Results for: 1790s-indian-wars
3201-3537 Burlington-Macedonia Road, Lawrence County Road 120
South Point

, OH

Macedonia Cemetery (circa 1840) belongs to Macedonia Church, Ohio’s first Black Church. Those buried include settlers of the Macedonia Free Black Settlement, built by free people who assisted freedom seekers along the Underground Railroad. Also interred are soldiers of the Civil War’s United States Colored Troops (USCT), most of whom served in the 5th Regiment, Ohio’s first Black Regiment (1863). The Polley family also rest here. Emancipated slaves, the family continued their freedom struggle when their children were kidnapped from Ohio and unlawfully sold into slavery. Macedonia’s extant burial grounds include this sacred site and another 1/2 mile north.

98 South Diamond St.
Mansfield

, OH

John “Appleseed” Chapman is considered one of Richland County’s original pioneers. In the summer of 1809, Chapman arrived in the Mansfield area just as Mansfield’s first town lots were being offered for sale. Chapman purchased town lot 265 for $120 from Henry H. Wilcoxen. Wilcoxen served as Richland County Sheriff from 1820 to 1825. Chapman later sold the lot to Jesse Edgington on October 30, 1818 for $100. During the War of 1812, approximately two blocks west of this site, members of the Delaware Indian tribe were encamped in a ravine southwest of the public square. After being removed by military force and their village burned, the Delaware were en route from their village in Greentown to the Council at Piqua under Colonel Samuel Kratzer.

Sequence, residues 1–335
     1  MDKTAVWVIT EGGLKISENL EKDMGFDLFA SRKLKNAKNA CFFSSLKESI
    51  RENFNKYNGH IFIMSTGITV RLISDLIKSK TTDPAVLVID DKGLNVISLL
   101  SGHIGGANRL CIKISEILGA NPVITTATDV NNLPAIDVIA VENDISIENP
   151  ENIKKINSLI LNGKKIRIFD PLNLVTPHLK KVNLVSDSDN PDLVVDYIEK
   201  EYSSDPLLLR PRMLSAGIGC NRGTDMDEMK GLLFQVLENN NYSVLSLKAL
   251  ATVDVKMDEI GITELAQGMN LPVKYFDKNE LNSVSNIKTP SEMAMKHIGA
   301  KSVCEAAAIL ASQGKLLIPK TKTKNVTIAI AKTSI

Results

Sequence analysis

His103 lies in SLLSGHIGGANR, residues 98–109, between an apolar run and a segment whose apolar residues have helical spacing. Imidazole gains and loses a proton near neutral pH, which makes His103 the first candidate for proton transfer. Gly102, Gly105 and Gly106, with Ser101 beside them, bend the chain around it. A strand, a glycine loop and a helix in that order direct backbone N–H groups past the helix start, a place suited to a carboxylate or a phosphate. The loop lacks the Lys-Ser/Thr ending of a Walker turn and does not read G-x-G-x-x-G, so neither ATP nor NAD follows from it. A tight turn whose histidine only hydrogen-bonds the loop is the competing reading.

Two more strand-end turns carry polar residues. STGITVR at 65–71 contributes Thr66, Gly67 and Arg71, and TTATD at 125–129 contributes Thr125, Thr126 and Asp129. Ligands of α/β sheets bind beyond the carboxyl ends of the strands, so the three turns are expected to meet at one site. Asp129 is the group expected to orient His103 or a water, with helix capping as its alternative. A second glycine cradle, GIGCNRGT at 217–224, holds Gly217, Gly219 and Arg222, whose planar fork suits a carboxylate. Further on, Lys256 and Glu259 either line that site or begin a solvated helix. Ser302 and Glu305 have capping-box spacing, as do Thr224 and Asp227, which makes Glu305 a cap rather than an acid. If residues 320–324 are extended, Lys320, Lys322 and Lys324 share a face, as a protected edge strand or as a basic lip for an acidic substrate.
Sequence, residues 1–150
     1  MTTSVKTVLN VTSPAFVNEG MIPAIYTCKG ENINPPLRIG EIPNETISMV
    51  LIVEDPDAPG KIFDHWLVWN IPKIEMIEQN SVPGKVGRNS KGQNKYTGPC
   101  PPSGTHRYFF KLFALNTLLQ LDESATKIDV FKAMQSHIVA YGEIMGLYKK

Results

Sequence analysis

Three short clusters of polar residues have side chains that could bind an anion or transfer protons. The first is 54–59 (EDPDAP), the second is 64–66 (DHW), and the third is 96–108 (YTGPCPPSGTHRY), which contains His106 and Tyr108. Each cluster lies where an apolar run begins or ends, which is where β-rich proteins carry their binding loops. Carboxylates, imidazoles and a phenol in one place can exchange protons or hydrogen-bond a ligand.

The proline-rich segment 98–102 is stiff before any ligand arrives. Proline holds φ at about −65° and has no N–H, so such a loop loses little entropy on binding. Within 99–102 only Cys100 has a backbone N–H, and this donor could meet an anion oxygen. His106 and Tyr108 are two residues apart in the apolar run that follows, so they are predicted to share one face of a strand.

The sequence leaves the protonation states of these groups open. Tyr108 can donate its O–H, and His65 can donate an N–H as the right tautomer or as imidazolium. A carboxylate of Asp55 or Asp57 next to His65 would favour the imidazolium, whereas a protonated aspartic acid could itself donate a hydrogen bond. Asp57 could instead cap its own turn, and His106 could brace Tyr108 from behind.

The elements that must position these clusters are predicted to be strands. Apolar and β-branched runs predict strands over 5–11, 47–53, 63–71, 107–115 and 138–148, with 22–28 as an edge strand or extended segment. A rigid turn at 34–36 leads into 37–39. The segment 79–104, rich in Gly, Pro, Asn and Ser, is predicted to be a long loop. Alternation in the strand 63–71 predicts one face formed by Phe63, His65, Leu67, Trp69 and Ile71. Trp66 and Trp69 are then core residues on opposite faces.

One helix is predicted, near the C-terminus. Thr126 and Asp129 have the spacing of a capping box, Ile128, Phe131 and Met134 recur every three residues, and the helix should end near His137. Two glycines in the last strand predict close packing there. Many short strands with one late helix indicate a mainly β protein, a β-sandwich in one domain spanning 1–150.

Elstun Road
Cincinnati

, OH

Site of the first fortified settlement in Anderson Township and one of the first in the Virginia Military District. John Garard and Joseph Martin were the founders of this Station, who, with Elias Garard, Joseph Frazee, and others, came by two flatboats with families and livestock from Garards Fort, Pennsylvania, via the Ohio and Little Miami rivers. They landed here on December 23, 1790, and proceeded to erect the fortification.(Continued on other side)

State Route 361
Circleville vicinity

, OH